Knowing Your No (When & How to Say It)
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You’ve just dotted the last “i” on your weekly calendar. The ritual is a familiar one. You learned a long time ago that if you don’t take ten minutes to think through the next seven days’ worth of 10,080 minutes there is no way you’ll get it all done.
And then it happens, the phone pings and your bestie shoots you a text.
“I’m in a bind! Can you cover for me this Wednesday?”
If you’re like me, you say yes despite the fact that the commitment you just made will break the back of your already overloaded schedule.
Knowing when to say no can be tricky business. Finding a way to say it can be just as hard. I’ve learned a catch-all phrase that works beautifully for when “no” is a must and I’ll get to that in a sec’. But first, there are two questions we can ask ourselves if we suspect a no response from us is peeking over the horizon.
Question #1- Is this a need that someone else can fill?
When the third-grade teacher is looking for two dozen brownies I know that I am not the only one who is able to bake (* ahem, buy) them.
However, when a dear friend is grieving and needs someone to talk to, the history she and I share may make me one of the few people who can bring her comfort. The brownies I can say no too. My grieving friend? Not so much.
Question #2 – Is saying yes my best yes?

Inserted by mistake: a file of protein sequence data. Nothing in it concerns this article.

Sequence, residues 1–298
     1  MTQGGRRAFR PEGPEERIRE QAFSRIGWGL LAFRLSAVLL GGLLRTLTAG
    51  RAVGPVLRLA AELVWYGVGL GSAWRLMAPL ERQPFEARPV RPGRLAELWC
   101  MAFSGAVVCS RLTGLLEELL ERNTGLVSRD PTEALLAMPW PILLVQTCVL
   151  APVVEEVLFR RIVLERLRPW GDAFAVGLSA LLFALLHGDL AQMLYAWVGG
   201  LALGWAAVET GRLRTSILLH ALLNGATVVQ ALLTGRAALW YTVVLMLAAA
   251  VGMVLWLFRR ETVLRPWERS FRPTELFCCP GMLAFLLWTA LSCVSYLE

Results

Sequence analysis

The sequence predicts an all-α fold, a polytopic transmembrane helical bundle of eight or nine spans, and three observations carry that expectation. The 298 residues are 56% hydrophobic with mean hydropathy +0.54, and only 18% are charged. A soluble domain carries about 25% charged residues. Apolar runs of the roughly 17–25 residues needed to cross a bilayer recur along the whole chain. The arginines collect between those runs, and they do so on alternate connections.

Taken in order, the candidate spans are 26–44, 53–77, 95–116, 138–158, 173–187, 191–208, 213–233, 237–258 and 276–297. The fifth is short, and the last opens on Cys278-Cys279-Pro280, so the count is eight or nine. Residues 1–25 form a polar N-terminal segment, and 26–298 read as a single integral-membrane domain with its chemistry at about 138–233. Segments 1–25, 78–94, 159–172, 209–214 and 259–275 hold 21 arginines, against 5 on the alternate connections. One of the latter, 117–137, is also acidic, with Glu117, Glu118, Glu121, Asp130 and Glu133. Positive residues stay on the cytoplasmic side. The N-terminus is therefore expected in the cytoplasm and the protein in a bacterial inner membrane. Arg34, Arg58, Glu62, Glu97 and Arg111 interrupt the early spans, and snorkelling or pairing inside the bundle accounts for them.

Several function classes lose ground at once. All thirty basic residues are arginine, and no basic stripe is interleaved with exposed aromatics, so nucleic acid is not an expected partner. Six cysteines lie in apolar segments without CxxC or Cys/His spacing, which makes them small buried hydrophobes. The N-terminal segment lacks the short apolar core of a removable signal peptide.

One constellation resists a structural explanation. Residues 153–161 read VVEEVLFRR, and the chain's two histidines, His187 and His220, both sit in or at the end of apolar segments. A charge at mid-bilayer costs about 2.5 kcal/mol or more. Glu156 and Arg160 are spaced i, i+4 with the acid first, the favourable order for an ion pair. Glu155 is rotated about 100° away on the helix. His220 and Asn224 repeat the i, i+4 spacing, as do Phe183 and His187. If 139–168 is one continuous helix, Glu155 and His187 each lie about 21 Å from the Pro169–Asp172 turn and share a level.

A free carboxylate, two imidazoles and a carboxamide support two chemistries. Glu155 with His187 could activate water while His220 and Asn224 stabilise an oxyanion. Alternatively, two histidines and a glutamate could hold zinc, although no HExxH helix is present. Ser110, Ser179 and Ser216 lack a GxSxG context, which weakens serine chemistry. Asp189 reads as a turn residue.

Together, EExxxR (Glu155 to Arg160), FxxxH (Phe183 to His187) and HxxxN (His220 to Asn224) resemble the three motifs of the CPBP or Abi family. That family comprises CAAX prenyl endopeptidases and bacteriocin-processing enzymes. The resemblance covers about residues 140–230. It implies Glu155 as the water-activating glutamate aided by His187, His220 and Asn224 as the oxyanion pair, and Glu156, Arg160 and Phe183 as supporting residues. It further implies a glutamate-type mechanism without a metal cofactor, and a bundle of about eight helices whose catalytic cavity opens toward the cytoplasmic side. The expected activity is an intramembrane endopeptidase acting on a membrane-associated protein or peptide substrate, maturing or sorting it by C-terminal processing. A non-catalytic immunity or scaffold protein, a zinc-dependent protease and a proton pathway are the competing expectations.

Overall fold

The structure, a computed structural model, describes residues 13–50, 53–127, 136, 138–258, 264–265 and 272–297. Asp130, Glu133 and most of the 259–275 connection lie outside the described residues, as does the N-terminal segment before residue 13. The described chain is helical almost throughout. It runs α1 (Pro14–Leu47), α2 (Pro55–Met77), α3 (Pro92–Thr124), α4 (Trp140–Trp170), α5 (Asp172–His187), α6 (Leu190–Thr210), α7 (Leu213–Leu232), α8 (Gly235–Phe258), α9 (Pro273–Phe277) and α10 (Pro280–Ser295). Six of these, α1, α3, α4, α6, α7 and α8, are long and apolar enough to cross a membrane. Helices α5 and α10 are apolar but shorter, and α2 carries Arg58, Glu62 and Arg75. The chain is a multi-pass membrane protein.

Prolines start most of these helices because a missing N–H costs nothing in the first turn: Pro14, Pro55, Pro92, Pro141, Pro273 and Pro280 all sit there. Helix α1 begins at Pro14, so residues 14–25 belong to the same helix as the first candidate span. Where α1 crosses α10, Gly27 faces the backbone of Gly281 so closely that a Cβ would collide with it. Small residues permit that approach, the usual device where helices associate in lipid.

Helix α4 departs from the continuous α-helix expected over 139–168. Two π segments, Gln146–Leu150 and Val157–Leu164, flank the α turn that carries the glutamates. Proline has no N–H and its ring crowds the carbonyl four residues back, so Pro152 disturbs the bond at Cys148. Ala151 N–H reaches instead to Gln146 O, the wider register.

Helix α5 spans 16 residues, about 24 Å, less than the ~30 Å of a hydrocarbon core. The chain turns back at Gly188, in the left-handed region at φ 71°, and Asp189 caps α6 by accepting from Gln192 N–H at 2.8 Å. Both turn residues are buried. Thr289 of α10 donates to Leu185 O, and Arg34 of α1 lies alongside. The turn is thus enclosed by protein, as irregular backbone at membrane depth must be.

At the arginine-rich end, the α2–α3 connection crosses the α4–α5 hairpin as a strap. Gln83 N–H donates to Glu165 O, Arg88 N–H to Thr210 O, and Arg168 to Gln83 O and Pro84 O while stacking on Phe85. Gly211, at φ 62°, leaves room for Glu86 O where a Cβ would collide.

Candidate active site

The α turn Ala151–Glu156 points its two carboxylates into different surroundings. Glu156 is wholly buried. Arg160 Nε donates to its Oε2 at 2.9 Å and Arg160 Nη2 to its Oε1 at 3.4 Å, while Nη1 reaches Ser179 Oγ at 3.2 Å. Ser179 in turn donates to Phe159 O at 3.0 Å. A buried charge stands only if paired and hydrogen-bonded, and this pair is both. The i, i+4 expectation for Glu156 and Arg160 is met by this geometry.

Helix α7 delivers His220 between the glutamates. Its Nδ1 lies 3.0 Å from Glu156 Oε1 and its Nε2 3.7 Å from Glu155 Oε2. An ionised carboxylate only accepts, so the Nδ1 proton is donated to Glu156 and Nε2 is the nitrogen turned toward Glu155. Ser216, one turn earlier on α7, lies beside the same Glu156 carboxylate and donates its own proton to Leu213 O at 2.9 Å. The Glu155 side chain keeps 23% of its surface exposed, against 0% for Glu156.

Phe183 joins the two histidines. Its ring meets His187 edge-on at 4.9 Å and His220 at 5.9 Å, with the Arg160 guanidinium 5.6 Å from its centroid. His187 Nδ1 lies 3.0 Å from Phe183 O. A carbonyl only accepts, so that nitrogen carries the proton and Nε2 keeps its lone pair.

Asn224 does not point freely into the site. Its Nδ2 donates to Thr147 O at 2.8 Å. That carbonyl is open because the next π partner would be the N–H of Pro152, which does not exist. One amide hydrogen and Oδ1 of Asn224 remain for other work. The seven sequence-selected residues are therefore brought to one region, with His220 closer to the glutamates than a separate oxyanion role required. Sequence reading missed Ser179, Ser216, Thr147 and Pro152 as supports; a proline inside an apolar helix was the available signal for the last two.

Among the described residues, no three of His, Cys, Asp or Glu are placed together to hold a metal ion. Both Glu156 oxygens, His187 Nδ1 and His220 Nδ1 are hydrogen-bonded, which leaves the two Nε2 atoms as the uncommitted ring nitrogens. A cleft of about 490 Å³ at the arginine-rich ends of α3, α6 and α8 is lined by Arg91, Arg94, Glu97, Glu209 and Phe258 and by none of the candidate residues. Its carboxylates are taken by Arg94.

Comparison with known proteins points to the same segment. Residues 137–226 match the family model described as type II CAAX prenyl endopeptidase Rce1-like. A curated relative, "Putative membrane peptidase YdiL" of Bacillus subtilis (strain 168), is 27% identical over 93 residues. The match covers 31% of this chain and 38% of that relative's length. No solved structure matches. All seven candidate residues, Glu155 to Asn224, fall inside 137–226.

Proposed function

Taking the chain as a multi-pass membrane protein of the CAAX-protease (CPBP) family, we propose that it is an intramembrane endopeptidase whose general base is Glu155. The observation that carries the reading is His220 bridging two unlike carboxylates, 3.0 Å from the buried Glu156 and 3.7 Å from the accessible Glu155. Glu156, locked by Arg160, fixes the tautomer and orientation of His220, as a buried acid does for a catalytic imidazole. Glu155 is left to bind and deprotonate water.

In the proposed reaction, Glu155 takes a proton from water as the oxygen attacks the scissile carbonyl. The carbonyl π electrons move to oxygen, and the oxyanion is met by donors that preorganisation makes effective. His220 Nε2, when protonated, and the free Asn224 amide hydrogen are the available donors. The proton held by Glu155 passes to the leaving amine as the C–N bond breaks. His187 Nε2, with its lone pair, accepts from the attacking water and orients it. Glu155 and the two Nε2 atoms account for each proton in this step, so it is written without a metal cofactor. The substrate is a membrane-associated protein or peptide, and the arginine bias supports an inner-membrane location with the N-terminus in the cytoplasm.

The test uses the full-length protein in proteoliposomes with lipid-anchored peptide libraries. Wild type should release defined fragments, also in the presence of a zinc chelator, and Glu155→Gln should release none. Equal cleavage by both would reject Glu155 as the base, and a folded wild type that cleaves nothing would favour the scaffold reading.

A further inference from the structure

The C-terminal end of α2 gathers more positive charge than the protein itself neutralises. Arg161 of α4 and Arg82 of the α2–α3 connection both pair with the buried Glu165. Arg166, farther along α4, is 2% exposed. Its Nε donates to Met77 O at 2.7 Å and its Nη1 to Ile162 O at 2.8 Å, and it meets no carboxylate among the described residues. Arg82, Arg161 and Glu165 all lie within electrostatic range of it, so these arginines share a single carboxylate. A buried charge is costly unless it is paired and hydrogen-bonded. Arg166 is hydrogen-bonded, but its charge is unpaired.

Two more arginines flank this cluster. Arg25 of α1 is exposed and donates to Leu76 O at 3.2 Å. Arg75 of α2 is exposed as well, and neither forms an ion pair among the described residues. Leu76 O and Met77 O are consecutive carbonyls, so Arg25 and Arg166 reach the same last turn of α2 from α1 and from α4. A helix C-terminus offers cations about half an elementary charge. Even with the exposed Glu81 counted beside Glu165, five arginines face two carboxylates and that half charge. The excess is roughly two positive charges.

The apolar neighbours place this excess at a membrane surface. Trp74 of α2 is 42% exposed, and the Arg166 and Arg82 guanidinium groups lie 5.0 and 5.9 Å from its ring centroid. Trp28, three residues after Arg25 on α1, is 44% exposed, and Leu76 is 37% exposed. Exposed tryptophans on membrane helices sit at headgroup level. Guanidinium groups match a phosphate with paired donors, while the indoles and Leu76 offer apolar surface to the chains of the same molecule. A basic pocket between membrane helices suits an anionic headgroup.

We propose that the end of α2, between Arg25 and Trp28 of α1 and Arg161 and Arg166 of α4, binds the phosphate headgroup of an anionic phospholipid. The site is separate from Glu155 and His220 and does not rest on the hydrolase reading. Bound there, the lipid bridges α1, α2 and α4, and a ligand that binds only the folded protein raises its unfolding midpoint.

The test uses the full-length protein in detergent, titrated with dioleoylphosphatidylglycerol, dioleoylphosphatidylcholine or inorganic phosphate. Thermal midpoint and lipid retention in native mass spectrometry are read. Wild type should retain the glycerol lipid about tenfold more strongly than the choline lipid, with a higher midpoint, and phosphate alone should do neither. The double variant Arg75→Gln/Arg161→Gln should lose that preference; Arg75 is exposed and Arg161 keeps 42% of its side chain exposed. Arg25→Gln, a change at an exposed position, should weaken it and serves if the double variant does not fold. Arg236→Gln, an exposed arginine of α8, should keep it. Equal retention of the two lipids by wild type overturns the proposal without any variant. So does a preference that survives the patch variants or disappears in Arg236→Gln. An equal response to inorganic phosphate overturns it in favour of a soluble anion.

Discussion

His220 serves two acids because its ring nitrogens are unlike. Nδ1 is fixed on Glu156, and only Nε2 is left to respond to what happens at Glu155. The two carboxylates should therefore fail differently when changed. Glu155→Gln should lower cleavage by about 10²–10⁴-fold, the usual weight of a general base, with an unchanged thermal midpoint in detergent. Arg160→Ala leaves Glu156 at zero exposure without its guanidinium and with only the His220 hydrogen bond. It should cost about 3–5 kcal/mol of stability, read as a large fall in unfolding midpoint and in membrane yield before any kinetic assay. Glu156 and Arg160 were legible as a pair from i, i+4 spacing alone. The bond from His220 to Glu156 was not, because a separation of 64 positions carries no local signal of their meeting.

There are a million and one GOOD things we could all say yes too. The better question than would be, “Is this my best yes?”
Lysa Terkeurst’s book The Best Yes is a must read for when we’re trying to discern the difference between, good, better and best. The bottom line? When we say no to one thing it allows us to say yes to another. When I remember that some “no’s” are what enable me to honor a “best yes” it’s easier for me to say no.
These two filters can help us decide when and if we need to say no. When we determine that no is our “best yes” all we have left to do is figure out how to say it. Henry Cloud and John Townsend share a phrase in their book Boundaries that I’ve used repeatedly.
That doesn’t work for me.
The first time I read that I thought, “That’s not so hard.” And guess what? It works for virtually any situation. The good news is that we don’t need to tag on an excuse or explanation. We can kindly, but clearly communicate that fill-in-the-blank doesn’t work.
You may be like my sis. She’s good at knowing when she can and can’t say yes. Consequently “no” is less of a problem for her.
But if, like me, you have a dot of a hero complex and when you don’t think you’re supposed to be saving the world your trying to clean it, decorate it, or serve it a pan of brownies, then I pray these pointers help you know your no as well as how to say it!
Savoring the journey with you,
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